John Owen was intelligent, talented, and fully sold out for God's glory. An Oxford graduate, Owen was forced to choose between continuing his career in the expected path-that included agreeing with the Church of England and things he knew to be wrong-or following his convictions. Choosing the latter option many times during his life, Owen would write many books, go to Ireland as the military chaplain, pastor a congregation in Coggeshall until Charles II made it illegal, preached at Trinity College in Dublin, and would eventually, under Cromwell, make Owen vice-chancellor of Oxford. This fascinating children's biography features full-page original illustrations, photographs of places he lived, and easy-to-understand text that conveys the values Owen held dear. 62 pages, hardcover.
This week I learned a lot about the Puritans by reading Ms. Carr's biography of John Owen. The cover of this book is inviting and might make you think that this is a picture book about John Owen, but it is actually a solid biography for young readers in grades 3-6. The younger readers may have some difficulty reading some of the words on their own but they will learn what those words mean in the course of the book. My daughter struggled pronouncing some of the words in this book, because though her phonics are very strong, many of the words in this book need to be read aloud because they don't fit the typical rules of phonics. So, this will be a book we read together the first time or two. She loves history books, so I am sure she will then begin reading it on her own once she knows what the difficult words sound like.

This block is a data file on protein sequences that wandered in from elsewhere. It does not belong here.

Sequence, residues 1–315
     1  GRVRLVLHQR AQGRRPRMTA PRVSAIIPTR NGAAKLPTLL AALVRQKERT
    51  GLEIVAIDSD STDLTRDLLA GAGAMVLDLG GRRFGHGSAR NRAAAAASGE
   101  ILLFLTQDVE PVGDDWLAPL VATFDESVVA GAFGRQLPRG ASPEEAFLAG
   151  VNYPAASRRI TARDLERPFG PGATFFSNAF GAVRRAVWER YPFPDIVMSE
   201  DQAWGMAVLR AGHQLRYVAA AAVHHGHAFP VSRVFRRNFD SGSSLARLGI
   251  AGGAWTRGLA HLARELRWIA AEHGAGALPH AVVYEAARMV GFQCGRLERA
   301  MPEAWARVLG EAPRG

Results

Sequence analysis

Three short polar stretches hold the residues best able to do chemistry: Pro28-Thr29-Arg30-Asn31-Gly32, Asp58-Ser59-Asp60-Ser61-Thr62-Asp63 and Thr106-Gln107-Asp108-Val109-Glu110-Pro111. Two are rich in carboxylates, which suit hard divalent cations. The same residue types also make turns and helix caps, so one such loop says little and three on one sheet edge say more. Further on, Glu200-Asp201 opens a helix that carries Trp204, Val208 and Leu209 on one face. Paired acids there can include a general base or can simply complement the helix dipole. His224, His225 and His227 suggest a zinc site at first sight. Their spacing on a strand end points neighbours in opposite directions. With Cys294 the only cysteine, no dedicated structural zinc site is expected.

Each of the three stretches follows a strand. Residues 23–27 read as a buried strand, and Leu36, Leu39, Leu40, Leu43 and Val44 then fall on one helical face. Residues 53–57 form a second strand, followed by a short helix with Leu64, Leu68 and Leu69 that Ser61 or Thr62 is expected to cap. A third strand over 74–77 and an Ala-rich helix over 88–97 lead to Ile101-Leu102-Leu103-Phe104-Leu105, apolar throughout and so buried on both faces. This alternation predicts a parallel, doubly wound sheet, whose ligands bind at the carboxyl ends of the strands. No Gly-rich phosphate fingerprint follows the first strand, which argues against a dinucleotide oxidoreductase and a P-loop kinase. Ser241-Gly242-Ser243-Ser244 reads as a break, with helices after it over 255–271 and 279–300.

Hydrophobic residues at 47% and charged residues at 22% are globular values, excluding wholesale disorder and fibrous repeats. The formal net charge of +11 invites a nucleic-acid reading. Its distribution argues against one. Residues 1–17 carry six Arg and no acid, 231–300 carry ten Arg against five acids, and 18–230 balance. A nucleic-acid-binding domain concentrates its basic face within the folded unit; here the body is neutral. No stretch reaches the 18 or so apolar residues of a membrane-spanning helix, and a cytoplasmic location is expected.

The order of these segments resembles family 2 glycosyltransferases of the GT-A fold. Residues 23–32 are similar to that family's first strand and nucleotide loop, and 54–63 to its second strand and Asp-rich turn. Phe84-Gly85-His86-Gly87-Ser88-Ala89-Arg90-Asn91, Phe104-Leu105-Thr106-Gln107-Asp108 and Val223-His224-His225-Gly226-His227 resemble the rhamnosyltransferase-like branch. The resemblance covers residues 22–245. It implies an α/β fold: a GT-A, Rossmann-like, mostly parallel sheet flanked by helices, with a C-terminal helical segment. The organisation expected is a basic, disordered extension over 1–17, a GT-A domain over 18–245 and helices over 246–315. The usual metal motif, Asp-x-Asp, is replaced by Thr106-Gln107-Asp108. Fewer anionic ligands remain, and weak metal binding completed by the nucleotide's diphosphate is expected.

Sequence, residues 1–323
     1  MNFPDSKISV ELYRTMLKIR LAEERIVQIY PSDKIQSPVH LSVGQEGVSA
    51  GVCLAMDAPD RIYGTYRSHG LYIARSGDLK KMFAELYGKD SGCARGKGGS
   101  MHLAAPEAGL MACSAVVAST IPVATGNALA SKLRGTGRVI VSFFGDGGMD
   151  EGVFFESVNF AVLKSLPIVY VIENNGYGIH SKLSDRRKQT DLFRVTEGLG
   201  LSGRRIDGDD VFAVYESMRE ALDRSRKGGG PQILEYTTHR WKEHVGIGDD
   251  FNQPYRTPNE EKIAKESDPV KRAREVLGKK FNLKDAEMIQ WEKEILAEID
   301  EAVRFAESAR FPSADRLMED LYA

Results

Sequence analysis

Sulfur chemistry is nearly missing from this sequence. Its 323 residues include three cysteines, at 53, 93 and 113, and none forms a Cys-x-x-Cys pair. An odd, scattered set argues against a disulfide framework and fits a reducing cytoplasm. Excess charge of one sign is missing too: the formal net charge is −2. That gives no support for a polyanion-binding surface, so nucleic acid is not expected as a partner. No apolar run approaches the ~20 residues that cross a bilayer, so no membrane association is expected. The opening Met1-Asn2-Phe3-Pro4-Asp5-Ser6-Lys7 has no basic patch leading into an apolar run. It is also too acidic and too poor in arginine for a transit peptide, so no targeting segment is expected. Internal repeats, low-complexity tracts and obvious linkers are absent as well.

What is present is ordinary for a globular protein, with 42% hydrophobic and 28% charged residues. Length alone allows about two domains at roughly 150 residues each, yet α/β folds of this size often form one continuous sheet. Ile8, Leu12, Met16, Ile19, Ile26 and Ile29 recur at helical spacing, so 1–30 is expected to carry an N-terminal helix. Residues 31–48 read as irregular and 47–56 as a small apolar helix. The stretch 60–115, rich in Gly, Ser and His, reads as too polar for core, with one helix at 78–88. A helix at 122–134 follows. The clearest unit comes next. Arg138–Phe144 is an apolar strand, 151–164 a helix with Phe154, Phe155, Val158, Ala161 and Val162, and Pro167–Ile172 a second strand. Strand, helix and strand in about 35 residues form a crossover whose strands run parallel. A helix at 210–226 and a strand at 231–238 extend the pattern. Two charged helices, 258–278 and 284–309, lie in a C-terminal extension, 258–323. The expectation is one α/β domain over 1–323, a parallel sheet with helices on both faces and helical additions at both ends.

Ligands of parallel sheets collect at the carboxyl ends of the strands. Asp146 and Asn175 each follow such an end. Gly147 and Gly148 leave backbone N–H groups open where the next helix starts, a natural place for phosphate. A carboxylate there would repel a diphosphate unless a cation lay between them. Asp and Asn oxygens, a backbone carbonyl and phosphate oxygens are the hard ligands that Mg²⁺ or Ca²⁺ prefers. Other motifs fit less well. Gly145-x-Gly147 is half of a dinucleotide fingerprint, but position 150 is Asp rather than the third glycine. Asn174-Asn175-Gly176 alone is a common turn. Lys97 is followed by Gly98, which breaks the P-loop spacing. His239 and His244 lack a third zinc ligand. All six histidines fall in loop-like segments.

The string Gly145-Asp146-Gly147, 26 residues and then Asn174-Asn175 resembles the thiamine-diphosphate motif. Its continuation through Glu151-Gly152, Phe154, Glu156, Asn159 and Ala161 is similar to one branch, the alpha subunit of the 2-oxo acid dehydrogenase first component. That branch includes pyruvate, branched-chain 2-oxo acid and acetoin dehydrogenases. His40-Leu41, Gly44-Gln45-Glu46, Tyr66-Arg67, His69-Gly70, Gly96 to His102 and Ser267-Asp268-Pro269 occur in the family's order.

The first time I read this book about John Owen, I had many thoughts that I discussed with my husband. His view of this book was very different than my initial view and that is why I clarified from the beginning that this is a biography and not a picture book. The cover made me think of this first as a picture book biography. I expected a lot of personal information about John Owen. Instead, this is a story of his life and the things he did. Simonetta Carr did not infer things about his life. I believe she strove to stay true to what we do know about Owen, rather than embellishing his story. This is very important because inferring information about real people is a dangerous thing. It is a difficult thing with figures from the past--to portray them in an unbiased way. I enjoyed Ms. Carr's blog post about just this aspect of writing biographies on her blog.
The illustrations from the book by Matt Abraxas are wonderfully done. But, the book includes many pictures of real places and other historical documents and artwork as well. The explanations of difficult concepts such as what a theologian is and the book of common prayer are very good, though your children may have a few more questions about what Parliament is. It is explained at a very simple level in this book, but they may still have more questions.
This book would be a good resource to help children understand the lives of the Puritans and that period of history. It would be a wonderful addition to a church library, to a Christian school's Church History curriculum, or to a homeschooling family's history lessons. It is very easy to read about events in history and not see how the little pieces fit together. Reading a book like this may help your children see that the figures in church history matter as much as other key figures like the great scientists and inventors that our history books are filled with.
Please note that I received a complimentary copy of this book for review from Reformation Heritage Books.
January 25, 2011